Our Home's Past
My Attempt At Writing History
This short page is an attempt to document the history of our house and property located at 5570 Cory Road, Wynndel, British Columbia, Canada. No particular reason for all this, other than some of the events are interesting.
If you are wondering where in the world Wynndel is, here is a Google Map link.
In case you are arriving by helicoptor, space ship or warp beam, our latitude/longitude is: 49.188604, -116.548672
Original Purchase from the Railroad
It appears that the land on which our home is situated was originally part of a large block of land granted to the British Columbia Southern Railway Company in 1888 as part of a Government of British Columbia scheme to develop coal resources and build a railway in the Crowsnest Pass. The BCSR was absorbed by the Canadian Pacific Railway in 1897. For more info on this (and other) railroads in BC:
A 163.94 acre block of land was purchased in 1909 by Benjamin John
Murgatroyd from BCSR for $193.94. I have obtained a copy of the
original conveyance and done a quick-and-dirty transcription. The
copy I received from the Land Titles Office is very difficult to
read, but it's here in 4 pages:
|Cover Page||Text||Lists the seller, buyer, lawyers, etc.|
|Page 1||Text||Describes the property.|
|Page 2||Text||More description details and the start of the reservations.|
|Page 3||Text||Schedule of fees for timber (interesting!), signatures.|
Of interest is that the date of the sale was clearly 1909; however, it appears that Mr. Murgatroyd died in 1907. I can only presume that his wife must have purchased the property in his name? Perhaps as part of a settlement since he was killed on-the-job? Further evidence is in the actual conveyance: It has been signed by “Mrs. Harriet Ann(??) Murgatroyd” and “J. ? Armstrong, Administrator of the Estate of Benjamin John Murgatroyd”. I'm not aware of any legal reasons for this; certainly, women were permitted to own property in B.C. in 1909?
Another interesting little point is that property owners are not permitted to sell timber from their properties without permission (and paying a royalty). See page 3 of the transcript, above, for a fee schedule. I have had some conversations with commercial interests in the area and it appears some legal discussions are underway to address this issue. One major talking point is the simple fact that the timber now on the properties was not there at the time of signing ... does the conveyance refer to existing or/and future timber?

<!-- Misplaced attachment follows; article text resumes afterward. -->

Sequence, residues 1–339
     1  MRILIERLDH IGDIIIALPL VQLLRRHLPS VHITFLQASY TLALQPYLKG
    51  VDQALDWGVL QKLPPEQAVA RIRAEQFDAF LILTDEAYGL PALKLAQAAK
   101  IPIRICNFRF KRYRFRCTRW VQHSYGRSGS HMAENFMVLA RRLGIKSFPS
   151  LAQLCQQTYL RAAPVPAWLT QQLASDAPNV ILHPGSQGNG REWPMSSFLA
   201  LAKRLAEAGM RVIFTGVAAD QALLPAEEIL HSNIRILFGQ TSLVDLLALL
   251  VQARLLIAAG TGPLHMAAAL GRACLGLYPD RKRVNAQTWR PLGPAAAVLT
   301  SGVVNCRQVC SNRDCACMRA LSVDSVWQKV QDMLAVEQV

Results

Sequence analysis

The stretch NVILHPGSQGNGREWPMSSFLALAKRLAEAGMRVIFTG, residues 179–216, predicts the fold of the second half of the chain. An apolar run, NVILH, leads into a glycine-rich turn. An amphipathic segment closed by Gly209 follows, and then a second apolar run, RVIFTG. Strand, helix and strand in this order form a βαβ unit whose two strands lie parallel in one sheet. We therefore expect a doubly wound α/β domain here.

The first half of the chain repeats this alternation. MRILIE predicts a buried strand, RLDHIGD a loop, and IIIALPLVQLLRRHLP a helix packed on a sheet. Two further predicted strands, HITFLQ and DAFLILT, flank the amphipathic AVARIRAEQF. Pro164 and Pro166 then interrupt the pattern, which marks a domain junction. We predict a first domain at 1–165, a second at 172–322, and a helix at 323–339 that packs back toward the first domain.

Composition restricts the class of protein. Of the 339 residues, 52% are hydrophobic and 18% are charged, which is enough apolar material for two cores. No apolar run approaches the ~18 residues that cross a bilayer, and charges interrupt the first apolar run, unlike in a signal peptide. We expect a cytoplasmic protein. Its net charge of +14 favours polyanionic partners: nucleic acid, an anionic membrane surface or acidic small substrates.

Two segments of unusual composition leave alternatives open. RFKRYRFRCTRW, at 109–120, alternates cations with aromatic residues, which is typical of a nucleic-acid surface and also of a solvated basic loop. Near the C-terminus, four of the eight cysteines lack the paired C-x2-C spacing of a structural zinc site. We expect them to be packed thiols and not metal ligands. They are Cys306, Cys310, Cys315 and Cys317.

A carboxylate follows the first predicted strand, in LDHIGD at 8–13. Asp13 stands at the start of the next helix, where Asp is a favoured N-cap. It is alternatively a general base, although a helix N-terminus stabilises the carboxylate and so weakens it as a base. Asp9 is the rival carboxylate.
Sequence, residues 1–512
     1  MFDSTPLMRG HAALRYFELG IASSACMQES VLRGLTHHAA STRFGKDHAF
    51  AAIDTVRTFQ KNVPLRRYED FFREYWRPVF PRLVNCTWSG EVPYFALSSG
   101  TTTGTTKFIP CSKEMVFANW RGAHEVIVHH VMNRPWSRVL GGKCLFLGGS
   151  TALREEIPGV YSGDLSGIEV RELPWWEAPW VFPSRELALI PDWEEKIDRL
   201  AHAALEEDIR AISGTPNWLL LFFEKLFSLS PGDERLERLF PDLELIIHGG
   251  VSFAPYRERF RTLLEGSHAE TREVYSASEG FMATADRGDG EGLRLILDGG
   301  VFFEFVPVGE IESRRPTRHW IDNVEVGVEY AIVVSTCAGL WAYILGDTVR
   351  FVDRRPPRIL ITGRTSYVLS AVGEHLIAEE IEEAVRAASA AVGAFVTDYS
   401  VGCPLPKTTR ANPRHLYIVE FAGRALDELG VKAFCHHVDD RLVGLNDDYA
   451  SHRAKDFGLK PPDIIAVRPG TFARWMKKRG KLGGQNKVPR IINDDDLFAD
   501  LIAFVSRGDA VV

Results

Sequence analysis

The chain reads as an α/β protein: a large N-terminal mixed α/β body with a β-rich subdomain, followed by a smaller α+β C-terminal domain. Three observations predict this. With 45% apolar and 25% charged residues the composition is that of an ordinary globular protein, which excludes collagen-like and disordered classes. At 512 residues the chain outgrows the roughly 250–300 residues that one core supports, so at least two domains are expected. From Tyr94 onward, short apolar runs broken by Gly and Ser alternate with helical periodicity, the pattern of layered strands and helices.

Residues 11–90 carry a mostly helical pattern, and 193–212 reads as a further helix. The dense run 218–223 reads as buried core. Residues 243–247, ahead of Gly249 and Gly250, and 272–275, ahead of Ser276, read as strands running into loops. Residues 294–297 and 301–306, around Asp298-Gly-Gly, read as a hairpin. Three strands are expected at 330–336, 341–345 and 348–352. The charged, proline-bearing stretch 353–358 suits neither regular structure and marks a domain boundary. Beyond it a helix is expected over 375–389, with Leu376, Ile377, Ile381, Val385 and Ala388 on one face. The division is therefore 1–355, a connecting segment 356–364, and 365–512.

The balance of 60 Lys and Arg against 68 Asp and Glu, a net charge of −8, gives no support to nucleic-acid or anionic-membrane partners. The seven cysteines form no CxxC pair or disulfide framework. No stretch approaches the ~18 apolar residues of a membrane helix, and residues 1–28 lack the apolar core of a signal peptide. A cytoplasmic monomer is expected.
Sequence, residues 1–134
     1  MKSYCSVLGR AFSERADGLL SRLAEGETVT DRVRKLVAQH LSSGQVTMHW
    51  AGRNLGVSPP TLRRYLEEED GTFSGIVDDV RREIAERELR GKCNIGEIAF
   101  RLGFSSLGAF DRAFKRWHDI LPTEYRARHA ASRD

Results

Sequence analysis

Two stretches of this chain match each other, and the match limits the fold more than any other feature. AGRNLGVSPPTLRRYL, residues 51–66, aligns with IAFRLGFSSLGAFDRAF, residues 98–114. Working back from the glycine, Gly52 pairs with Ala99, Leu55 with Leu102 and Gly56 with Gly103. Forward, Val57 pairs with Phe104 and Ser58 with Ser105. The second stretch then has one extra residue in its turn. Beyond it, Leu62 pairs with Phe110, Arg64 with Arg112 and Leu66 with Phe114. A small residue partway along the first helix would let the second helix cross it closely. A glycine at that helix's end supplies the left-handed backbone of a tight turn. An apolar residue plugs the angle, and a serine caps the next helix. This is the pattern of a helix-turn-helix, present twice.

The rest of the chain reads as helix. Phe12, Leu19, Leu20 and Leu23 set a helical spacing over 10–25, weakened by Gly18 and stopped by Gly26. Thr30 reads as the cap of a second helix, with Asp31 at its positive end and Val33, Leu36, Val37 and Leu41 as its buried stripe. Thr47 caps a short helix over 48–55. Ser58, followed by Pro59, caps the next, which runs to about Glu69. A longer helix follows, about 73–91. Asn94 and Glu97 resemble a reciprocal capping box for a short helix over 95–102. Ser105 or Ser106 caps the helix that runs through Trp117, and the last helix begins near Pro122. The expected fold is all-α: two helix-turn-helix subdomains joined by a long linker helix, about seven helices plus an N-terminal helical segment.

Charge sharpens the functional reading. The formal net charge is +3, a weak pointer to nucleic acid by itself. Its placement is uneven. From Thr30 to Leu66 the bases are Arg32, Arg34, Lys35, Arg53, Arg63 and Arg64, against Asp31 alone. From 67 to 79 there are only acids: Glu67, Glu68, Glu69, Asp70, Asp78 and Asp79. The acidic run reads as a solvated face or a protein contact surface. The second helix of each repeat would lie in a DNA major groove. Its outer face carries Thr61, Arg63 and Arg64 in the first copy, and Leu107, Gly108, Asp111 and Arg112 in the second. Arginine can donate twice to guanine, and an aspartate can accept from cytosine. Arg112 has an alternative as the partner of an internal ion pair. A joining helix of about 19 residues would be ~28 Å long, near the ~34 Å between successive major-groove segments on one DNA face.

Some further information (not all of it correct) is available in the Wynndel history book Forest To Fields (Wynndel Heritage Group, 1986), p456:
Although Benjamin Murgatroyd never lived in Wynndel, he was a major property owner here in the early days.
Benjamin Murgatroyd was an engineer for the Canadian Pacific Railroad and was killed in a C.P.R. train accident in 1907. He and his wife, Harriet, came to Cranbrook in 1900 from Kenora, Ontario.
Florence Murgatroyd, daughter-in-law, states “He bought 160 acres of land, between 1900 and 1907, possibly from the government.” After Mr. Murgatroyd was killed, and time passed, “Mrs. Murgatroyd could not afford to hold on to the land on account of the cost of taxes, and it was put up for sale. The first piece was sold to Peter Andestand in about 1915-16 and the rest of believed to have been sold to a Realty Company.”
“The original chunk of land was 160 acres, and was situated on the west side of Duck Creek and to the north, almost to the site of the irrigation dam.”
A 10 acre parcel was purchased in the early 1970s from Reidar Andestad. This property was later subdivided into two 5 acre parcels.
Mr. Millott moved here from Calgary with his wife and three children (two boys and a girl ... but I could be wrong!). He built a small house first in which he lived while building the “big house”. The small one is now used as a workshop. I think the house was build around 1974. Note to self: I must check some building permit records to find out for sure.
Property was purchased around 1987 or 1986 in trust for a neice or daughter who lived here for aproximately 2 years. She found it too much to maintain, so put it for sale.
In 1989 we purchased the property from the Quinn trust and live happily ever after.
Oh, did I mention that we've renovated just about every part of the house. Joy of owning a house and having the ability to do things.
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